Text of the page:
You're right - there are plenty of cynical ones who say it because "they have to." On one hand, these cynics could be potentially turned by more money, by a better program, or simply by the shifting of the wind. (Of course, who wants them around? Can they be trusted?) I figure these are the ones who've been involved for a while, making great livings and fortunes of the misery of so many citizens.

And then there are the true believers. They believe the crap they spout... for them, facts are alterable, mere lies speed by "libtards" to make them look bad. And some of them have "god on their side." These folks seem to be ascendant these days - in my opinion, fallout from 2006-2008 GOP disaster and they now now the party label. Neither reasoning nor suasion works on them. Despite what Obama and his "true believers" believe.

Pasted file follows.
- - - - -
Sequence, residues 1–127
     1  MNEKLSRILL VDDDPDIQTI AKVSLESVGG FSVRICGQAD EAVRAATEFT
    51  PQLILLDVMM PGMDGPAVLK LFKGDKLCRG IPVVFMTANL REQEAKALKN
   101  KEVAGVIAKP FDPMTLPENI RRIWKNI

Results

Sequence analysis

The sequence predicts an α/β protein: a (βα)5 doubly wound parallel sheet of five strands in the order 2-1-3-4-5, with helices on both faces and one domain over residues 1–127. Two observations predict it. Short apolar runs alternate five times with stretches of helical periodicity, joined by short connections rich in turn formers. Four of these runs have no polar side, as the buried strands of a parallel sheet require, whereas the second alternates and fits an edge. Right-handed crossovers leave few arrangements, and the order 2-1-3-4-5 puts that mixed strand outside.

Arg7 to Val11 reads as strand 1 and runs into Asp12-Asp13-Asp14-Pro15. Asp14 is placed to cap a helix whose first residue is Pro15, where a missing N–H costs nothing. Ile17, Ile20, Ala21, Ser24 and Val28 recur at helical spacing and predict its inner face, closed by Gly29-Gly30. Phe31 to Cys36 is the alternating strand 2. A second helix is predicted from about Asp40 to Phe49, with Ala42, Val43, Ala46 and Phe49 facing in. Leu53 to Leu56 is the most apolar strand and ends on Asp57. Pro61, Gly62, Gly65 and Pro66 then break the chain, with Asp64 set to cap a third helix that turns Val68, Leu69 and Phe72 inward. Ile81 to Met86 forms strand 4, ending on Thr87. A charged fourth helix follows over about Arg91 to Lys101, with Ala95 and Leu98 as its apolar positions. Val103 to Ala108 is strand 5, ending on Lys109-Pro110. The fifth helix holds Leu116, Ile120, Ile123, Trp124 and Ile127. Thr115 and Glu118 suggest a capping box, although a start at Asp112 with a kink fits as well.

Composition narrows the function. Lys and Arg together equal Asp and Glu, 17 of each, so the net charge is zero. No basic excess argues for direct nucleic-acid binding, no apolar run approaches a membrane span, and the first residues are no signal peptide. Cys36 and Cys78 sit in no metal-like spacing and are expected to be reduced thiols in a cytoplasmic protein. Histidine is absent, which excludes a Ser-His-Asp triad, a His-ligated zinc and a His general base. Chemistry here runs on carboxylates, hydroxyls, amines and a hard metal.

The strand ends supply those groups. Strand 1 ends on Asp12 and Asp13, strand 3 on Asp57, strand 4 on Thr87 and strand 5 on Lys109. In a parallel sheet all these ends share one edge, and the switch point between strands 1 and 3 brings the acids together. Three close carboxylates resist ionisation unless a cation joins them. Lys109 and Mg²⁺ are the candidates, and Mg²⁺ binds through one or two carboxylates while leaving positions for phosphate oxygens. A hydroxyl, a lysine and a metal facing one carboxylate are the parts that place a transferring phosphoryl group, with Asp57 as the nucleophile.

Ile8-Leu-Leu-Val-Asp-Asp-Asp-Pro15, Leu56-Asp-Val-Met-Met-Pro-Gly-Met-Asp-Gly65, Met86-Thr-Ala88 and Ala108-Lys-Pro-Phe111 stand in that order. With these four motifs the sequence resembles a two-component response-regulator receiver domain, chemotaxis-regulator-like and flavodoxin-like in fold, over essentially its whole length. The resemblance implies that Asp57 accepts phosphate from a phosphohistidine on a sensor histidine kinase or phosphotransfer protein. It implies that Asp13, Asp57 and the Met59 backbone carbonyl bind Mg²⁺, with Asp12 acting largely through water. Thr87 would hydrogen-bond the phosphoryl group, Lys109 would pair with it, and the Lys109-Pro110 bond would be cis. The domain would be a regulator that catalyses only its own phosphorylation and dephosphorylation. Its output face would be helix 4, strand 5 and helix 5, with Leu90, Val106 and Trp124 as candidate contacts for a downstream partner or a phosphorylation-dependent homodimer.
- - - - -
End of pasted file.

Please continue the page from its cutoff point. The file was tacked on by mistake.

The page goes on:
If we had a marginally functional media, we might get a scorecard to tell the difference between those who believe and those who "believe."


At 1:53 PM, Anonymous Robert Dagg Murphy said...

One of the good things about John Conyers bill was considerable time and money would be spent to help the people displaced from their non wealth producing jobs to something else. Our goal should not be to see how many non wealth producing jobs we can have but instead to see how many people can be put to work producing the things we really want and need which can be in numerated by nearly everyone.

Instead we continue to play the game of monopoly with the winners predetermined. Our intellect must be diverted from the game of making money to the game of making sense.